FEATURE FOCUS: SCHOOL FINANCES This change can be particularly difficult to

adapt to as you must not only learn a new way of accounting your figures, but also, to some extent, unlearn the previous methods you may have used!

New systems and software If you’re integrating into a new MAT, you may well have to get to grips with entirely new software to ensure consistency with the rest of the MAT, or at a minimum you will be using familiar software in a new way, including new processes and reporting. Setting up your chart of accounts The concept of fund accounting is important,

and your chart of accounts should be structured to facilitate reporting by fund type. All monies received for a specific purpose are classified as restricted funds (and must be classified as such). In fact, the majority of an academy’s income falls into this category as your grant funding is provided to you for the restricted purpose of educating your pupils. Only less significant funds, such as fundraising

for the school with no specific intention, may be regarded as unrestricted funds. In practice most of your income and spend will be restricted, and you could almost deal with this correctly without knowing it, but it is still important to get the accounting right, and should you spend, for example, General Annual Grant (GAG) income on something for which it is not intended, there could be serious consequences.

Restrictions on borrowing Academy schools manage all of their finances through their own bank accounts, but they are prohibited from borrowing without the prior consent of the Secretary of State, and this is not given frivolously. You will need to carefully manage your bank account, as an overdraft constitutes borrowing. You will also need to watch out for leases. What may look like an operating lease (or rental agreement) may in reality be a finance lease, which constitutes borrowing.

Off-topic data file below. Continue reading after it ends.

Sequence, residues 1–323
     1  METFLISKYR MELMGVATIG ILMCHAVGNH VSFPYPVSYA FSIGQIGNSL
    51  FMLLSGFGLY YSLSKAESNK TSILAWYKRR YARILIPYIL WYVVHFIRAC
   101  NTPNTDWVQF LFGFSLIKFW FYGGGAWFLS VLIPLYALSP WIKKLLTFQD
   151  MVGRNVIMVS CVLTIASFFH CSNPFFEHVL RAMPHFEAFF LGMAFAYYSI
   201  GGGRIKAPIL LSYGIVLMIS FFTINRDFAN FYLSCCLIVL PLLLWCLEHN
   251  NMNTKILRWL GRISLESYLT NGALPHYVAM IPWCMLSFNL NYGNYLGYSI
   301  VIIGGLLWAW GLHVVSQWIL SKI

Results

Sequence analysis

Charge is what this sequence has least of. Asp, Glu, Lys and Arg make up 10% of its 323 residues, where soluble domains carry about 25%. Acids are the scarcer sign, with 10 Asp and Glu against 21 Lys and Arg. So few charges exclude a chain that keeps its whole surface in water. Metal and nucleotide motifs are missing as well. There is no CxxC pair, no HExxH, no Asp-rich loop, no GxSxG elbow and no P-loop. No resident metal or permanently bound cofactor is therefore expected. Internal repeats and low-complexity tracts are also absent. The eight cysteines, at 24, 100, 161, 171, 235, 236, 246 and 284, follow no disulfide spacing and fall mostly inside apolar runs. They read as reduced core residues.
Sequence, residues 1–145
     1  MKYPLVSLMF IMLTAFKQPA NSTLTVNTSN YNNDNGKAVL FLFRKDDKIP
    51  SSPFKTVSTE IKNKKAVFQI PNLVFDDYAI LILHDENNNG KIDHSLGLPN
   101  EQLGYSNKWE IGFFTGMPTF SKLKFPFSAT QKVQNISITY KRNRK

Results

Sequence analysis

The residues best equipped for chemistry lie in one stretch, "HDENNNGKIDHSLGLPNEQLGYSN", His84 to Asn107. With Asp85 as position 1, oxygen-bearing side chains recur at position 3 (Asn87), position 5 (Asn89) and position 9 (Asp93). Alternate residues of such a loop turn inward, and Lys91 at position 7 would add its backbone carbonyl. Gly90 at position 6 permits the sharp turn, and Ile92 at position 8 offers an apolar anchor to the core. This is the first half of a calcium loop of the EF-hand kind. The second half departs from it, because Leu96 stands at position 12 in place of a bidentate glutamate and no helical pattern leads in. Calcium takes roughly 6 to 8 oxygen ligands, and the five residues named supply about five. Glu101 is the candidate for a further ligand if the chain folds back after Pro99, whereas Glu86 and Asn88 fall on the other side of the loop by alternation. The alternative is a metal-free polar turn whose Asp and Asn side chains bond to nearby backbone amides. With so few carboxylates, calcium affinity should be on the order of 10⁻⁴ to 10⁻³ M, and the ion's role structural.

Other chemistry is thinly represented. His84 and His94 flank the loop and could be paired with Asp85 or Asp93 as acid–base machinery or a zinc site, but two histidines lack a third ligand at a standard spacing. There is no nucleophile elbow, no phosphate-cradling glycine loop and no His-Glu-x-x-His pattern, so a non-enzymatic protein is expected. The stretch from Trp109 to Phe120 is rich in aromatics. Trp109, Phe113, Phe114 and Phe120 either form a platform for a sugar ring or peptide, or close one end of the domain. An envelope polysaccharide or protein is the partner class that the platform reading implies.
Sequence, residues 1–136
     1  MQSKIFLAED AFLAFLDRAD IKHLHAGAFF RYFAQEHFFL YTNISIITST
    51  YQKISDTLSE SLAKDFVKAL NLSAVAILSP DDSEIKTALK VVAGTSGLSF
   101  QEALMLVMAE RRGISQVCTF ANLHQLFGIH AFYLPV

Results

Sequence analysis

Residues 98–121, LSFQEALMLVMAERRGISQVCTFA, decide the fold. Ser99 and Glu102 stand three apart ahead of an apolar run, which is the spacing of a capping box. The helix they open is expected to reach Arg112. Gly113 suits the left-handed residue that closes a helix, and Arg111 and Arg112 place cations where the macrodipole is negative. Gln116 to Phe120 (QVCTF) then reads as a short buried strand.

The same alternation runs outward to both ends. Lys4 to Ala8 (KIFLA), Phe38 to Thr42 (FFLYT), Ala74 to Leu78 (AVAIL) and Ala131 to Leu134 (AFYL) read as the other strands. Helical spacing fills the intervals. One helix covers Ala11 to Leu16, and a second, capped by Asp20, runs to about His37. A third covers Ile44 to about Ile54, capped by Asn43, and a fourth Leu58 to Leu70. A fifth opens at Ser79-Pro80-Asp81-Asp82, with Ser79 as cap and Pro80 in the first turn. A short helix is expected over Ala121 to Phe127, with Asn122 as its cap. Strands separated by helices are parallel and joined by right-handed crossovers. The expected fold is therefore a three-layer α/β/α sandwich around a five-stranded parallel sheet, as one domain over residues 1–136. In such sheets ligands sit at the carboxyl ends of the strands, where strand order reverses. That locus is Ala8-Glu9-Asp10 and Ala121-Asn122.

Calculating your financial position when your convert At the point of conversion, you will either have a surplus or deficit position with the Local Authority. This position needs to be established within four months of conversion. Your school will take this position forward with them. If you’re in a surplus, you will need to receive funds from the Local Authority (and you may need to wait a while for much needed cash). On the other hand, if your school is in a deficit, do you have the cash to pay the Local Authority back?

Dealing with public perception There may be misconceptions among parents and the local community of the financial implications of converting to an academy. When your accounts are published they may show you holding a great deal of cash, and parents may wonder why it’s not being spent on the current pupils. However, your reserves policy should help explain this. For example, you may be holding cash to settle liabilities due, maintain, say, one month’s running costs, or as a contingency due to maintenance work that may be needed on old buildings. You also have a risk of financial scandals